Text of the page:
Changes to how the NHS prescribes ‘over the counter’ medicines for minor health conditionsIn March 2018, NHS England published guidance about reducing the prescribing of medicines or treatments that are available to buy over the counter.This means that certain medicines may no longer be prescribed if you can buy them ‘over the counter’. This leaflet will explain the changes, why they are happening and where you can get more information and support.What conditions are included in this change?Medicines available to buy over the counter will not be routinely prescribed for the following 35 conditions:
Acute sore throat
Coughs, colds and nasal congestion
Dry eyes/sore tired eyes
Indigestion and heartburn
Infrequent cold sores of the lip
Insect bites and stings
Minor burns and scalds
Mild dry skin
Mild irritant dermatitis
Mild to moderate hay fever
Minor conditions associated with pain, discomfort and fever (e.g. aches and sprains, headache, period pain, back pain)
Prevention of tooth decay
Warts and verrucae
Probiotics, and some vitamins and minerals will also no longer be routinely prescribed, because most people can and should get these from eating a healthy, varied and balanced diet. In some special cases patients will still be able to get prescriptions for the conditions (or medicines used to treat them) in the list above. Why does the NHS want to reduce prescribing of these medicines?The NHS has to make difficult choices about what it spends taxpayer money on and how much value the taxpayer is getting for that money. Medicines to treat these conditions are available to buy over the counter. Pharmacists can advise patients on self-care and also on which are the lowest cost versions of medicines available. By reducing the amount the NHS spends on treating these minor health conditions, the NHS can give priority to treatments for patients with more serious conditions such as cancer and mental health problems.What are the benefits of going to the pharmacy instead of making an appointment to see your GP?Pharmacists have the knowledge and skills to help with many healthcare conditions, and you don’t need an appointment to speak to a pharmacist. Visiting a pharmacist first helps to make more GP appointments available for people with more complex healthcare needs.If you have something more serious, the pharmacist is trained to signpost you quickly to the right medical care.What can you do?By keeping certain useful medicines at home you can treat common conditions immediately and you won’t need to see a GP. The medicines you may want to keep at home could include:* A painkiller to help treat minor conditions associated with pain, discomfort and fever* Indigestion medicines, oral rehydration salts and treatments for constipation and diarrhoea. * Treatments for seasonal conditions such as cold and hay fever.* Sunblock and aftersun* Some basis first aid items would be useful* If you have children make sure you also have products suitable for children.Speak to your pharmacist for advice on what medicines to keep at home, where to store them safely and how to use your medicines.Ensuring you have a well-balanced, healthy diet will mean most people don’t need to take vitamin supplements or probiotics. If you do wish to take these products to avoid you becoming deficient, you can buy them from a pharmacy, a supermarket or online.What about patients who need to take medicines for these conditions regularly or in special situations?Some individual patients may still be prescribed a medicine for a condition on the list. The reasons vary for each condition and GPs, nurses or clinical pharmacists will speak to you individually if this affects you. The main reasons are:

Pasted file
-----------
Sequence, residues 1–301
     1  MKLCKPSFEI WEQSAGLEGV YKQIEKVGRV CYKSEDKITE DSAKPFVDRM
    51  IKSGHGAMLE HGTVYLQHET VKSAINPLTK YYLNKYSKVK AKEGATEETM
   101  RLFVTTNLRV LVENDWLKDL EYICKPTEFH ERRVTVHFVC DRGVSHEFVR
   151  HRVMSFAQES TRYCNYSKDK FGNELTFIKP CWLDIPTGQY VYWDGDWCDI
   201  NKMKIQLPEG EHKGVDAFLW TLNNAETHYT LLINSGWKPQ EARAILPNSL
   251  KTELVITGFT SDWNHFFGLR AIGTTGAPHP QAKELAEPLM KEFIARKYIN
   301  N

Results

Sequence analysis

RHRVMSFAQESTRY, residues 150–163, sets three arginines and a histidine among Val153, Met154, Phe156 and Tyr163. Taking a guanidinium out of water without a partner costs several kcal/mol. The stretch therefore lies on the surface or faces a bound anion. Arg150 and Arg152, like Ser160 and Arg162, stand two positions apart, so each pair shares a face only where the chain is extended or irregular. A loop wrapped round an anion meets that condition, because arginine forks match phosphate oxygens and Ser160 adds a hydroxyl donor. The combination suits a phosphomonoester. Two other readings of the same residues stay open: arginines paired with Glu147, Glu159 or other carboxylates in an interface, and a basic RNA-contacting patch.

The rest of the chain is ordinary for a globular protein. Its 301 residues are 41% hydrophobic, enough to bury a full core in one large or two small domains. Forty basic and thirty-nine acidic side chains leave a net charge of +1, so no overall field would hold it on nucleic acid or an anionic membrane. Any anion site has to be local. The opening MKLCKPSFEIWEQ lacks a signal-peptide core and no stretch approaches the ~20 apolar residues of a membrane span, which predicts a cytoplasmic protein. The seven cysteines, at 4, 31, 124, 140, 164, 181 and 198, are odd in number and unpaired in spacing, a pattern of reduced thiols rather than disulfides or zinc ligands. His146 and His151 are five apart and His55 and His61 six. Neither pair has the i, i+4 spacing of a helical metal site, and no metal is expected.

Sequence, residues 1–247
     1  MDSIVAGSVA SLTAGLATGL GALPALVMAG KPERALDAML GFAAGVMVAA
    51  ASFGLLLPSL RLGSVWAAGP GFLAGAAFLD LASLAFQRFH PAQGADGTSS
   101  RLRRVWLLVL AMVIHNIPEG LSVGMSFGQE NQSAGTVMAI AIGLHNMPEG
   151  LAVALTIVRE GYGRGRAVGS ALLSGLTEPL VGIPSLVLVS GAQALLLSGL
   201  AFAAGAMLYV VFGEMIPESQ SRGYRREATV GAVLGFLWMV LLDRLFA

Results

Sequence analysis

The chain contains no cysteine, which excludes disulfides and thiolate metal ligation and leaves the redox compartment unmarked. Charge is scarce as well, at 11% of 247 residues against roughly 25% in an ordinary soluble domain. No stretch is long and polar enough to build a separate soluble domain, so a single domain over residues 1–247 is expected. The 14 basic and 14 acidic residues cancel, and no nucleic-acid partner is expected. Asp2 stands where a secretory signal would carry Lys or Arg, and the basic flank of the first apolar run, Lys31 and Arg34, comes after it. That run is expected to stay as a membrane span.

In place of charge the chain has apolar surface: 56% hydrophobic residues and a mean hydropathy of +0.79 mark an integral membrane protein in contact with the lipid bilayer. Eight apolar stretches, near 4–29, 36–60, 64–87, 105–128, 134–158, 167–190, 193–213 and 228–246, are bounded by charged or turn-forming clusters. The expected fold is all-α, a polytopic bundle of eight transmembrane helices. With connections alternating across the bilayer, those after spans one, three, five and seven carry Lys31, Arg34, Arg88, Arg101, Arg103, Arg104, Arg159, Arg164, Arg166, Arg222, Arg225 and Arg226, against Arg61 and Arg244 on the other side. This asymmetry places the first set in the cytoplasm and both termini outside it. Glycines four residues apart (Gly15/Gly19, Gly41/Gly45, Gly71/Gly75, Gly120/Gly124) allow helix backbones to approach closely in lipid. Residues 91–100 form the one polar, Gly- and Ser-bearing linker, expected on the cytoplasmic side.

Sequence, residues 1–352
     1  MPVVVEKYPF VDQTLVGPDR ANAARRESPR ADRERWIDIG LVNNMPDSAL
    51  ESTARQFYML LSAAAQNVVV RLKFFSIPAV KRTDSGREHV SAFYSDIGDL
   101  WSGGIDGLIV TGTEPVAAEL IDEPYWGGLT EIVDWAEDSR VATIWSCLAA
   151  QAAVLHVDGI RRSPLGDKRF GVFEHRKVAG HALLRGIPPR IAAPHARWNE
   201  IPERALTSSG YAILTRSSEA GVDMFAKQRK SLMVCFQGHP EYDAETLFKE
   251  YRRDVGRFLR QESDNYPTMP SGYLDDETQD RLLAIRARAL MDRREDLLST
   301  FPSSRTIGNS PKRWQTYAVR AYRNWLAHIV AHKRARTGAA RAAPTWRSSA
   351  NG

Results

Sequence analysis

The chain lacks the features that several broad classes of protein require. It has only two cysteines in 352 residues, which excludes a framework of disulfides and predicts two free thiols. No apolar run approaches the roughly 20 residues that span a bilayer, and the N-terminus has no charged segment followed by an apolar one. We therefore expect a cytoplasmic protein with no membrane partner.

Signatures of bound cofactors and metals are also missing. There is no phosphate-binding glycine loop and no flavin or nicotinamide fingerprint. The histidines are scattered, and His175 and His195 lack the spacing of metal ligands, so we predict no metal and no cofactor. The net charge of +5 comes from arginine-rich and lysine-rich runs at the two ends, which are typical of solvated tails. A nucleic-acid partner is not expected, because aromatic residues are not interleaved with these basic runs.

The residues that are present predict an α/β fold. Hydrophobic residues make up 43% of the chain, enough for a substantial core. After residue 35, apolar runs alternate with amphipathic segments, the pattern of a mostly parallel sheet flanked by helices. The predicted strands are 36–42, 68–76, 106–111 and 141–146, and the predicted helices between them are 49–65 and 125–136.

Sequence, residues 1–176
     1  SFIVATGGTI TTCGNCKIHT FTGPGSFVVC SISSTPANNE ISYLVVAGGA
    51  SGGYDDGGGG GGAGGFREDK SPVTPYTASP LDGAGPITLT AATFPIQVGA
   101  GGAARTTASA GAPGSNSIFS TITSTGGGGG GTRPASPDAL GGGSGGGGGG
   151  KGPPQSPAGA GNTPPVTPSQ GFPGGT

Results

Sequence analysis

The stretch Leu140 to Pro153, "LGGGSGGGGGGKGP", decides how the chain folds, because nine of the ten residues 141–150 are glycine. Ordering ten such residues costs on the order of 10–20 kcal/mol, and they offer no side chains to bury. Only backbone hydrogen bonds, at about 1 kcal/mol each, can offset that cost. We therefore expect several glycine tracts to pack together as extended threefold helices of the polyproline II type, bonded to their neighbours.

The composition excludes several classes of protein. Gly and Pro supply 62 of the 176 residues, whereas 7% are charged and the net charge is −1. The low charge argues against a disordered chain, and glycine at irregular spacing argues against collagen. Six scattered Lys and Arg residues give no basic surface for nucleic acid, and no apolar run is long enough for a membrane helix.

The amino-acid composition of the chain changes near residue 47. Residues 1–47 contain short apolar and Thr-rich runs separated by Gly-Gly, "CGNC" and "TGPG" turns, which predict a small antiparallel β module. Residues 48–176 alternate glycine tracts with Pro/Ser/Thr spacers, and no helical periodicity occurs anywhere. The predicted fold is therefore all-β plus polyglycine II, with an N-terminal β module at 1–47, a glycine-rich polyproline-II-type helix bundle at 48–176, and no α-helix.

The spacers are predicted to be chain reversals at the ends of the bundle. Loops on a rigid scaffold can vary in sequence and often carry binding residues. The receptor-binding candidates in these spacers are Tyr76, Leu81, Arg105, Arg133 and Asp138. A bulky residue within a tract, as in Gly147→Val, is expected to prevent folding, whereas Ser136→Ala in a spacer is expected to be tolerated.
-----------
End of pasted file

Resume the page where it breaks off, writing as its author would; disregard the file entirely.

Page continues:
Treatment for a long-term condition, e.g. regular pain relief for chronic arthritis, treatments or inflammatory bowel disease.
Treatment of more complex forms of minor illnesses, e.g. migraines that are very bad and where over the counter medicines do not work.
Patients prescribed over the counter medicines to treat a side effect of a prescription medicine or symptom of another illness e.g. constipation when taking certain painkillers.
The medicine has a licence which doesn’t allow the product to be sold over the counter to certain groups of patients. This may vary by medicine, but could include babies, children or women who are pregnant or breast-feeding.
The prescriber thinks that a patient cannot treat themselves, for example because of mental health problems or severe social vulnerability (not just having a low income).
What if my symptoms don’t improve? Your pharmacist can advise on how long you can expect to experience symptoms for the conditions listed. If your symptoms have not improved after this time or you start to feel a lot worse, contact your GP or call 111. A&E and 999 should only be used for life threatening emergencies. There is lots of advice on the NHS choices website to help you choose the right service https://www.nhs.uk/NHSENGLAND/ABOUTNHSSERVICES/Pages/NHSservices.aspx
Where can you find more information and support?You can speak to a pharmacist who can help with advice and treatments for the conditions listed.NHS choices has lots of information and advice on treating minor health problems with self-care https://www.nhs.uk/live-well/healthy-body/home-remedies-for-common-conditions/Find out more about the conditions for which over the counter medicines will no longer be prescribed at: https://www.england.nhs.uk/medicines/items-which-should-not-be-routinely-prescribed/
If you have any questions about the items which are no longer going to be prescribed then please direct them to:-
Customer Care Team NHS Staffordshire and Lancashire Commissioning Support Unit Jubilee House Lancashire Business Park Leyland PR26 6TR Tel: 0800 032 24 24 e-mail: MLCSU.email@example.com